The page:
It has been just over 15 years ago now that I was injured as a volunteer firefighter while engaging a wildfire near my hometown at the time. As I laid in my hospital bed asking what happened, many people gave their opinions, quick anecdotal answers, and life experience. Without fail, they always justified their comments by saying, “there was nothing you could have done” or “it’s fire, it just happens.” I knew in my heart and mind that they were trying to make me feel better, but the reality was clear they didn’t have any more answers than I did to why I got hurt that hot April day. Instead of feeling better, I struggled. Struggled with what I had done wrong, what I should have done different, why I did everything right and still got hurt.
On the third week of my hospital stay a young man pushed in a pastor friend of mine who was recovering from a stroke. The pastor induced him as Dave, a wildland firefighter, and that we might have some stuff to talk about. Dave and I started talking and without either of us knowing, the pastor snuck out of the room leaving Dave and I to talk. Turns out, Dave was more than a wildland firefighter, he was a fire behavior analyst. As we talked I was able to ask questions and he was able to give me the straight forward and sometimes hard to hear answers. In the weeks after we met, he sat down with me and helped me go through the computer modeling so I could see exactly why I got hurt and what I did right and what I did wrong. Without what Dave did for me I would still be asking those questions. I was able to get closure on that part of my injuries.
Fast forward 12 years and questions were still coming up. Questions I did not anticipate or quiet frankly know how to handle. So I did what everyone does, I started asking around wondering if someone had some answers. The trouble with these questions is that they were dealing with the emotional injuries I was either still recovering from, or in some cases, was still finding. Just like after I got hurt, people gave their opinions, quick anecdotal answers, and life experience. But this time, without fail, they ended their thoughts with statements to my questions like, “you just need to get over it or that’s in the past you need to move on.” Needless to say, this only made things worse.
It wasn’t until one day at a local bait shop that I ran into a guy named Chuck who takes wounded veterans out fishing, then again life began to change for the better. Chuck had some of the answers to my questions and found me someone who had even more answers. Chuck did two things that the others didn’t. First, he listened before I started talking. He knew I was struggling before I ever opened my mouth or asked a question. Second, he didn’t make up answers and found someone who had the answers. This gave me the hope I needed to keep working through the emotional struggles I have daily.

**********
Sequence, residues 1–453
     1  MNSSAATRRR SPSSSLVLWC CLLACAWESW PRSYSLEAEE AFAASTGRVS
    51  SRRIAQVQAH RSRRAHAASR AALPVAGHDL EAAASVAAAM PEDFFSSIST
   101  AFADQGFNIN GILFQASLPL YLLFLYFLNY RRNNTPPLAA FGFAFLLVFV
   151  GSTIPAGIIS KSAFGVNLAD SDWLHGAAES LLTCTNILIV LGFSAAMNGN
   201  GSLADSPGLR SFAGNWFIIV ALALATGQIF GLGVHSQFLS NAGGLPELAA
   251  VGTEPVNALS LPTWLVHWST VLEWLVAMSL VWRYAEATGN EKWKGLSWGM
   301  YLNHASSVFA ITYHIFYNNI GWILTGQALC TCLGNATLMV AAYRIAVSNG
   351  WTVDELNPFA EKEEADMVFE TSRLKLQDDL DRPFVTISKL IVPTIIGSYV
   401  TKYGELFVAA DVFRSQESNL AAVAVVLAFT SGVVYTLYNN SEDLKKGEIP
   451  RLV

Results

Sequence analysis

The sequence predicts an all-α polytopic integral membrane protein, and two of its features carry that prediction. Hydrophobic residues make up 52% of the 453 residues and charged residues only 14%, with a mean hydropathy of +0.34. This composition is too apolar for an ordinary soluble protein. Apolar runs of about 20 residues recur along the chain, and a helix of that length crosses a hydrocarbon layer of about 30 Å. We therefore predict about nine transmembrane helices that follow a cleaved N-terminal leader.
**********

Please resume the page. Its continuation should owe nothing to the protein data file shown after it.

Two years ago I had the opportunity to go fishing with a group of guys who made a huge impact on my life. Healing Patriots is a group of guys who have been there, asked a lot of the same questions I have and found the resources they needed and I that have desperately been looking for. What they did for me emotionally on this fishing trip was no different than what Dave did for me while I was in the hospital. They answered my questions honestly and started giving me the tools to work through the struggles I am having. They did this without placing blame on me for struggling, unlike many others I have asked for help from.
I am writing this for two reasons: first, if you have struggles in life there is hope. It’s discouraging and even seems hopeless when you ask questions and you are blown off or condemned for even asking the questions you are struggling with. The answers are out there and there is hope. Secondly, when people come to you with life questions don’t make up answers, give anecdotes and tell them to get over it; that only makes it worse. Give them the truth and if you don’t know what it is, help them find the people that do know the truth. The real answers are powerful and life changing. Here is just one example: since the day I got hurt I have asked why people would call me a hero if I was the guy who fell off a fire truck and had to get rescued? Recently I got to ask a combat veteran that question. First thing he did is give me a hug and then he said, “Geremy, you are a hero because you got on the truck in the first place.” This is just one of the answers that changed my life and gave me a new perspective and hope. There is power in having the questions in our life answered regardless if those answers are good or bad because not knowing the answers is one of the most difficult things for people to handle.
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